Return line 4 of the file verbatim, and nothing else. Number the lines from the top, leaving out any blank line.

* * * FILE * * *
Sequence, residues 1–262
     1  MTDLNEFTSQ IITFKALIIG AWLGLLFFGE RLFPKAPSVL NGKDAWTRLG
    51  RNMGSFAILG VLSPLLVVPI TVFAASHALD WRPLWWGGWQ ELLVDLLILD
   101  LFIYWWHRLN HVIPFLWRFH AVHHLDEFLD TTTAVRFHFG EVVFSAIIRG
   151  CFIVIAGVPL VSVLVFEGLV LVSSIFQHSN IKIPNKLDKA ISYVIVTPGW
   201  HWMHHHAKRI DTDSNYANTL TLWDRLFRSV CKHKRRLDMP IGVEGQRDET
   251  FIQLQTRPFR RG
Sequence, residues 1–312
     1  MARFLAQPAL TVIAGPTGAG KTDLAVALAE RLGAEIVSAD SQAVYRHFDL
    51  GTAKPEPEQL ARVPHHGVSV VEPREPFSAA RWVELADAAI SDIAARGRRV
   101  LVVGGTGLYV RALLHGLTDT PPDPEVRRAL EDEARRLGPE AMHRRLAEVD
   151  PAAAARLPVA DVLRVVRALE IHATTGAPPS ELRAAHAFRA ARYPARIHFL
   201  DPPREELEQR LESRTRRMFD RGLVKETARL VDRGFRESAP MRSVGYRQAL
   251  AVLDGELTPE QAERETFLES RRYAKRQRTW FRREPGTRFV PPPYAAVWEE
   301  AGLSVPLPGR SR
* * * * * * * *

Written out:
   101  LFIYWWHRLN HVIPFLWRFH AVHHLDEFLD TTTAVRFHFG EVVFSAIIRG